Tag Archive | "advertising"

Is TV Advertising Really Dead?

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Is TV Advertising Really Dead?


remote_control_concurrent_v

I wrote the original version of this post when I was Creative Director at Do Tank Studios. I’ve updated it here because it may be relevant to NGOs who are thinking of running broadcast campaigns now or in the future.

It seems to be flavour of the month again to proclaim the death of TV advertising but I’m not convinced the detractors are really seeing the big picture. Sure, broadcasters have seen their revenues fall as the number of broadcast channels increase and internet focussed digital marketing strategies encroach on their monopoly but that’s just the free market economy in action; the prohibitive rates broadcasters have got away with until now are no longer justifiable, TV is no longer the only way to get market reach and social media has given engagement a whole new meaning …

This is not news, Lee Daley, chief executive of Saatchi & Saatchi UK, was saying it back in 2005 with his article: “We’re looking at the death of the ‘TV-comes-first’ model, definitely,”. Times have changed a bit since then (YouTube came out in 2005) but the decline of TV advertising budgets, revenue and effectiveness continues.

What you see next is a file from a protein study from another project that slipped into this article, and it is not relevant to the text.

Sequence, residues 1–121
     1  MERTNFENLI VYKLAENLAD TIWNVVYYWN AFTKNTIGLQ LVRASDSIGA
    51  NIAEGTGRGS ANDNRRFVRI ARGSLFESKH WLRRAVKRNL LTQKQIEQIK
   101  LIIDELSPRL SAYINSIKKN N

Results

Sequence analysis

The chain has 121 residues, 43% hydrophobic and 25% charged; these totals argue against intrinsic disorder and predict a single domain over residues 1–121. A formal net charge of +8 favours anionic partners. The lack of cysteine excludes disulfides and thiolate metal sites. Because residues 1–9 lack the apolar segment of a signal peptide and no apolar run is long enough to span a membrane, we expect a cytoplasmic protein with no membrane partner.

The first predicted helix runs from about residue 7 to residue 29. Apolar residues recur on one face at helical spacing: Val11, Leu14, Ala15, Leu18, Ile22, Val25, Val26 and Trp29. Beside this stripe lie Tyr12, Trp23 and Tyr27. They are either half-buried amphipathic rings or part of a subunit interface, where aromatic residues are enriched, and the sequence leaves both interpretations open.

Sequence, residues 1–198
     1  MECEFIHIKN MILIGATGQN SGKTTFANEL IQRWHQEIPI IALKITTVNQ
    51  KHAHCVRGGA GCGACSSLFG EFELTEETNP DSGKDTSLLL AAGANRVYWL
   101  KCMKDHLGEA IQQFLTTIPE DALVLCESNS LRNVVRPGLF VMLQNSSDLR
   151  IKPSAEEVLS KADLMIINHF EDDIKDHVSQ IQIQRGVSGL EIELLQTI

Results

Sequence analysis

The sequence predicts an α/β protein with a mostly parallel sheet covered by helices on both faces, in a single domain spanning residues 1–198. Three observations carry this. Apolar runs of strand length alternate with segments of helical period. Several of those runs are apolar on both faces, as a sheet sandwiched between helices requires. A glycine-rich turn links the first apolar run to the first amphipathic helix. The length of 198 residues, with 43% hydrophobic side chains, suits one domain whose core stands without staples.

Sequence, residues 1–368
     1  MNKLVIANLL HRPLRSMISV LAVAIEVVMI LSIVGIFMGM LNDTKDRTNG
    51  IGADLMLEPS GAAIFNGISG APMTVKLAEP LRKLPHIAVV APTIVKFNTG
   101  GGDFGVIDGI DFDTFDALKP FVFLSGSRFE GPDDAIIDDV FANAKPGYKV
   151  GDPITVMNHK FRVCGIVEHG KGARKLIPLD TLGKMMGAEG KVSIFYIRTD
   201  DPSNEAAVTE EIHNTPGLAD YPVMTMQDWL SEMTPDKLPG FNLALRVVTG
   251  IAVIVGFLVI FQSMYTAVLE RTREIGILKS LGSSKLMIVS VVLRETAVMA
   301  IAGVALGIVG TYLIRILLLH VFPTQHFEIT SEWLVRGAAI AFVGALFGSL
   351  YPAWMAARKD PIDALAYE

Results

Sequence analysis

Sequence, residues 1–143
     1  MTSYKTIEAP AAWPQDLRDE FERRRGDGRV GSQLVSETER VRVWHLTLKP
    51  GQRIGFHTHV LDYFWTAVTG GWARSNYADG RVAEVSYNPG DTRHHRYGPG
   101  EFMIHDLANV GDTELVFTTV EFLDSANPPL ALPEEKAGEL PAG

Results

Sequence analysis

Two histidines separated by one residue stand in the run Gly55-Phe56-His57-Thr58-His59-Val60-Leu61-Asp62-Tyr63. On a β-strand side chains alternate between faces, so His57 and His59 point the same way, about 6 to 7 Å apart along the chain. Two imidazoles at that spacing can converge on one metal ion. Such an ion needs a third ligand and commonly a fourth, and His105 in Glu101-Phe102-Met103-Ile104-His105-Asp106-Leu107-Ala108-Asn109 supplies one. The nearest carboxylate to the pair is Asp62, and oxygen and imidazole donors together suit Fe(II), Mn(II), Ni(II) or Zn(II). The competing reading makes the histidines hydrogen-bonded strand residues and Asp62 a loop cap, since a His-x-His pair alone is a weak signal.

But why?

TV is still, by far, the dominant entertainment medium in western society. Almost all households in Europe and US have access to terrestrial (and soon to be digital) TV. It’s cheap and it’s available everywhere while broadband Is still only available to around 45% of Europe as a whole and only in built-up areas of the US.

Compare that to figures from BBC which state TV consumption is actually up on previous years and, in other polls, TV is stated as the resource “most likely to be missed”, way above internet access. So it’s not a lack of interest in video entertainment that’s causing the downturn in advertising revenues.

A pretty good digital TV set costs considerably less than the price of the cheapest laptop and consumers are still buying and watching TV. Around 40% of UK households own more than one TV set. So it can’t be any barriers to entry or a lack of demand that’s seeing the decline in TV advertising.

Affordable PVRs like SkyPlus and FreeView+ do give viewers the ability to skip the ads – the worst possible scenario for ad agencies – but they still have very low market penetration.